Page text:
Under the new interest rules, from the 2018 tax year, as long as a taxpayer has made provisional tax payments in full and on time under the standard method, credit and debit interest starts from the day after the:
- terminal tax date if one's RIT is less than NZD 60,000, or
- final instalment date if one's RIT is NZD 60,000 or more.
Taxpayers can also make voluntary payments. However, if provisional tax is paid under the standard method at the first and second instalment, this will minimise exposure to UOMI.
From 8 May 2020, the interest rate for overpaid tax is 0% and the rate for underpaid tax is 7%. Interest is generally calculated from the due date for the third instalment of provisional tax if the taxpayer has paid under the standard method at the first and second instalment. Interest paid is deductible for both companies and individuals, while interest received is taxable.
An initial late payment penalty of 1% applies if the taxpayer does not pay tax by the due date. A further 4% late payment penalty applies if the tax is still not paid within seven days of the due date. An incremental late payment penalty of 1% is then imposed monthly until payment is made. The 1% monthly penalty is no longer being charged on amounts that remain unpaid for the 2018 year onwards. The initial penalty of 1% and a further 4% penalty will still be charged.
Inland Revenue is required to notify a taxpayer the first time their payment is late rather than imposing an immediate late payment penalty. If the taxpayer does not make payment by a certain date, Inland Revenue will impose a late payment penalty. Taxpayers are entitled to one notification every two years. After receiving a first warning, Inland Revenue will not send further notifications for two years and will impose an initial late payment penalty in the normal manner.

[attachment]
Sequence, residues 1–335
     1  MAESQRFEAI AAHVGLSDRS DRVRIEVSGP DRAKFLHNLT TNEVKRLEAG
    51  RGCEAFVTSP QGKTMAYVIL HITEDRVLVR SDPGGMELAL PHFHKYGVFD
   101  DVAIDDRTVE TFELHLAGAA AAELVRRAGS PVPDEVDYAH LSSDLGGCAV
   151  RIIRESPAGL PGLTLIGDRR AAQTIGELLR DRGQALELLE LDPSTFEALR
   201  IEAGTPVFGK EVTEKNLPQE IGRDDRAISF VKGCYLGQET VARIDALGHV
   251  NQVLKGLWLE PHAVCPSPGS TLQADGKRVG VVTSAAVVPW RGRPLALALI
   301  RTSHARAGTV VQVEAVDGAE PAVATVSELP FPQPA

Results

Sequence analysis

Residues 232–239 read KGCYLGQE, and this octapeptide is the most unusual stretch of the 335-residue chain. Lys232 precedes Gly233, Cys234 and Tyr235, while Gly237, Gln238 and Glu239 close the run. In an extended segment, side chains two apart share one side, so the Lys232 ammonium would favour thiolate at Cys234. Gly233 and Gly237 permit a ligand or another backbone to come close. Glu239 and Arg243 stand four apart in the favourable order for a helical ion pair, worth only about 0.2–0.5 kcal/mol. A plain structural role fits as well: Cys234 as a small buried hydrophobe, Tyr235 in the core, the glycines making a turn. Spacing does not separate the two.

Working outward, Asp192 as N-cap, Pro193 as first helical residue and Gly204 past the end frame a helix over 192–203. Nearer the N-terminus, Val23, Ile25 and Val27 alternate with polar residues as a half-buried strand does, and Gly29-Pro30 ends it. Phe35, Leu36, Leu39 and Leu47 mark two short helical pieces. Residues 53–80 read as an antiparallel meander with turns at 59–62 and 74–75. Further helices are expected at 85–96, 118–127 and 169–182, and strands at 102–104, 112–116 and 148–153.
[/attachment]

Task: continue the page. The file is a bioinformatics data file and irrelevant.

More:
Shortfall penalties, calculated as a percentage of the tax shortfall resulting from the action or position taken by the taxpayer in a tax return, may also apply. These are:
|Action subject to penalty||Standard rate (%)||Rate after reduction by 100%/75% for disclosure before audit or timing error only (%)||Rate after reduction by 40% for disclosure during audit (%)||Rate after reduction by 75% for disclosure when filing (%)||Rate after increase by 25% for obstruction (%)|
|Lack of reasonable care||20||0||12||NA||25|
|Unacceptable tax position||20||0||12||5||25|
|Abusive tax position||100||25||60||25||125|
There is a 50% discount on certain penalties when the taxpayer has a past record of good behaviour and, in certain circumstances, a cap of NZD 50,000 on shortfall penalties for not taking reasonable care or for taking an unacceptable tax position.
When a taxpayer discloses a tax shortfall voluntarily before notification of a tax audit or investigation, penalties imposed for lack of reasonable care and for taking an unacceptable tax position are reduced by 100%.
Employee share scheme reporting
From 1 April 2017, employers must disclose the value of share benefits that employees receive under employee share schemes. This requirement applies to shares and share options. Under the current payday filing rules, employers are also required to report the amount of tax withheld for the benefit (if any) to Inland Revenue. Employers are not required to disclose the specific details of the share scheme benefits provided.
Tax audit process
The name of the New Zealand tax authority is the Inland Revenue Department (IRD). The IRD initiates a tax audit by sending a letter to the taxpayer notifying them they are undertaking an audit. The letter generally outlines the tax type(s) and year(s) under audit and includes a list of questions and/or document requests. The IRD normally provides a deadline for response within the letter.
Statute of limitations
The IRD generally has four years from the end of the tax year in which a tax return was filed to reassess the return. The limitation period does not apply to a tax return that is fraudulent or wilfully misleading or omits income.